A woman who had been bleeding for 12 years came up behind Jesus and touched his clothes in hope of a cure. Jesus turned to her and said: “Fear not. Because of your faith, you are now healed.”
Then spoke Pious Paul of Ryan: “But teacher, is that wise? When you cure her, she learns dependency. Then the poor won’t take care of themselves, knowing that you’ll always bail them out! You must teach them personal responsibility!” ∞
Early in the evening of July 4, Micaela Giles’s mobile phone started sounding alerts, and a series of messages straight out of a horror movie began scrolling down her screen.
Her 19-year-old son told her that his Airbnb host in Madrid had locked him in the fourth-floor apartment where he was supposed to be staying and removed the key. The host was still there, he said, rattling knives around in the kitchen drawer and pressing him to submit to a sexual act. He begged his mother for help. ∞
“Goodnight Moon” does two things right away: It sets up a world and then it subverts its own rules even as it follows them. It works like a sonata of sorts, but, like a good version of the form, it does not follow a wholly predictable structure. ∞
“The key lies within the Midwestern brain and the nodules, which rise on the surface of the skull,” said Walsh, an investment banker turned amateur phrenologist. Photo: http://goo.gl/5bmfND
New York—The Midwesterner: they grow our food and raise our children, but what do we really know of these simple folk from the hinterlands of the United States? That question has plagued, Jeffrey Walsh, an investment banker residing in Manhattan. Recently, he hired marc&mark to teach his nanny how to cook without a microwave, cream of mushroom soup, or dried onions. The company was recommended by Stephanie Johnson and her husband, Dan Yashiv, because “their nanny, [Erela], from Wisconsin, does not always know the difference between quinoa and couscous.”
“While we may be able to teach a Midwesterner to tear lettuce and wash their hands, we’re only treating the symptoms and not the problem,” said Walsh. “The key lies within the Midwestern brain and the nodules, which rise on the surface of the skull.”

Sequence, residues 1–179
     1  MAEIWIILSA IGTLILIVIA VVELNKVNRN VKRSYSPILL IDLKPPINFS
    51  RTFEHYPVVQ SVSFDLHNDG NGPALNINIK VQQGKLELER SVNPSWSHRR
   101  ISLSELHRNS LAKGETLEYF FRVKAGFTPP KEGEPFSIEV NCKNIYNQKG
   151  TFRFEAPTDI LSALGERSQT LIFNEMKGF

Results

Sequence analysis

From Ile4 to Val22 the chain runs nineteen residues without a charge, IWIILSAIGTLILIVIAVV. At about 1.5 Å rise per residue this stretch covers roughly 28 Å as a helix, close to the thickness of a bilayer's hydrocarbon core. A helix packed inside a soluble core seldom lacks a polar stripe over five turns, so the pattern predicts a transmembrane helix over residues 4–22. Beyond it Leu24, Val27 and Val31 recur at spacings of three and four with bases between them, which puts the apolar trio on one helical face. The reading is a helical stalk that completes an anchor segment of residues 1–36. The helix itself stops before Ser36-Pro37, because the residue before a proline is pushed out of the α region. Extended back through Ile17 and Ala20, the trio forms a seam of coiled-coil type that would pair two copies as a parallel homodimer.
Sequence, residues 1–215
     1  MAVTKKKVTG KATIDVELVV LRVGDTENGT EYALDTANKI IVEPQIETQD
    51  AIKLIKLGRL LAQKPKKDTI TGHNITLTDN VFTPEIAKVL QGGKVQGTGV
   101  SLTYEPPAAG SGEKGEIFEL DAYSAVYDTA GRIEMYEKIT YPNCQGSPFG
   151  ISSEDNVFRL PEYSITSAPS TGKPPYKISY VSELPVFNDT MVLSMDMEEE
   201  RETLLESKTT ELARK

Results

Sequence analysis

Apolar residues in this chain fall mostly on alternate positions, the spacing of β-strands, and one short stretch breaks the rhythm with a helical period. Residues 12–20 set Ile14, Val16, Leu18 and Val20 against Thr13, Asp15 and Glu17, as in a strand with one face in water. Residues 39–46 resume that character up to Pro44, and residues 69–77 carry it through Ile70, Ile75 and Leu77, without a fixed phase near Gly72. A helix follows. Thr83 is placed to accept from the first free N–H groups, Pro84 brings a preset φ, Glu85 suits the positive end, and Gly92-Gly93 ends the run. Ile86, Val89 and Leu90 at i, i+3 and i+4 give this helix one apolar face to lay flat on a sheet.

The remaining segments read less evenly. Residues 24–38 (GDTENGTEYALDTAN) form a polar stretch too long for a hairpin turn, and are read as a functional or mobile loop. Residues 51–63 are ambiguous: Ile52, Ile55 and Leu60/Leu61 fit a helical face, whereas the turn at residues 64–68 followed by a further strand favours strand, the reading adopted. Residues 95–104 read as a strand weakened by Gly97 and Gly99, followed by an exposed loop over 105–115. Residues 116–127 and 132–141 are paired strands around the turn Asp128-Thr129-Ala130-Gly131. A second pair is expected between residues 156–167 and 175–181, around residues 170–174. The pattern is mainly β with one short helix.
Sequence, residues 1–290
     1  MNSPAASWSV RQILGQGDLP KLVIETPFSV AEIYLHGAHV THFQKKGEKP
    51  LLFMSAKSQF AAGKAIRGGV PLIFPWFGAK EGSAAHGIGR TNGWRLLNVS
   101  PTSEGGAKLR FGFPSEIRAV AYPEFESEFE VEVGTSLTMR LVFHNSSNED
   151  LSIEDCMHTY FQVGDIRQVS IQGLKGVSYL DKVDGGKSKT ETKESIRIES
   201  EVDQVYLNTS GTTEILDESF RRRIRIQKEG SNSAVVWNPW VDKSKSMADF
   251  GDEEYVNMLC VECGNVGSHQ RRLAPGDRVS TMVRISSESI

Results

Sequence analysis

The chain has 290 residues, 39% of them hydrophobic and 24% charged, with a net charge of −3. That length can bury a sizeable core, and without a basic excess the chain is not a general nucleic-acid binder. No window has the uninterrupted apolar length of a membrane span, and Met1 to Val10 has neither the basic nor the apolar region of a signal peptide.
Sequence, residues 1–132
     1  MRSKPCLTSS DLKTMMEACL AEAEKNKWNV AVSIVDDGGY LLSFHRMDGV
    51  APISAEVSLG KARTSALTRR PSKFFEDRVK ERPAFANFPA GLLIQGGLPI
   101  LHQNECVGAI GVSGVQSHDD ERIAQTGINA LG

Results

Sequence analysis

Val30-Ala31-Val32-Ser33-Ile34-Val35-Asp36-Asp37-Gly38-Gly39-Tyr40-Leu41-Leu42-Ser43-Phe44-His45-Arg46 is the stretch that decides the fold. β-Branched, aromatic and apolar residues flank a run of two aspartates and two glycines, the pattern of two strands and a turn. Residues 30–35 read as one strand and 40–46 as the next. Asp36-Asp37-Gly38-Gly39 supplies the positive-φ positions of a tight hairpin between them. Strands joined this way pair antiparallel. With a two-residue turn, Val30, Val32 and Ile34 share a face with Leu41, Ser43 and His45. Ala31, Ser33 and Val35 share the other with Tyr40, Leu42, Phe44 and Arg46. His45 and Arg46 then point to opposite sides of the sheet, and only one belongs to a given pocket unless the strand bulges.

Walsh has studied and cataloged over 100 midwestern skulls. Photo: http://goo.gl/1Mo7JI
Having been rebuffed by neuroscientists, Walsh turned to the time-honored practice of phrenology as practiced by Franz Joseph Gall. “If you have the money, it’s far easier to get human skulls than you may think,” Walsh said, pointing to the wall in his study. “Of course, I haven’t purchased any skulls from the East Coast, that would be uncivilized.” So far, his anecdotal experience has backed up his hypothesis. “The Midwesterner. They’re a different sort. See how the eyes are set and the bone is denser around the frontal lobes of the cerebellum? They’ve obviously evolved to live a simpler, agrarian lifestyle.” The biggest surprise of his research has been the Michigander skulls. “They’re almost Canadian,” Walsh said.
While Walsh isn’t sure where his research will take him, he does offer advice for New Yorkers who are in the market for midwestern help. “Safety pins and patience. Pin notes to their coats. Pretend you’re talking to a child. Forgive them their Crocs”
I’m a genre writer. Gary Shteyngart hasn’t blurbed any of my novels, and Marion Ettlinger has never photographed me for a book jacket. I’m more at ease with the sequins and shirtless men at the Romantic Times conference than I am with the serious eyewear at poetry readings. ∞
When Robert Lowell used his ex-wife’s letters for his poetry, Elizabeth Bishop told him, “Art just isn’t worth that much.” This week, Francine Prose and Leslie Jamison discuss what they make of mining actual relationships for literary material. ∞
Endings have always been my Everest. Or, really, if writing a novel is like climbing Everest, then my tendency is to get within eyeshot of the summit and say, “Well, that’s far enough.” ∞
Gabo lives. The extraordinary worldwide attention paid to the death of Gabriel García Márquez, and the genuine sorrow felt by readers everywhere at his passing, tells us that the books are still very much alive. ∞
Are our overwhelmed, besieged, haphazardly recruited, variably trained, underpaid, not-so-elite teachers, in fact, the potential weak link in Amplify’s bid to disrupt American schooling? Klein said that we have 3.5 million elementary- and middle-school teachers. “We have to put the work of the most brilliant people in their hands,” he said. “If we don’t empower them, it won’t work.” Behind the talking points and buzz words, what I heard him saying was Yes. New York Times, “No Child Left Untableted.”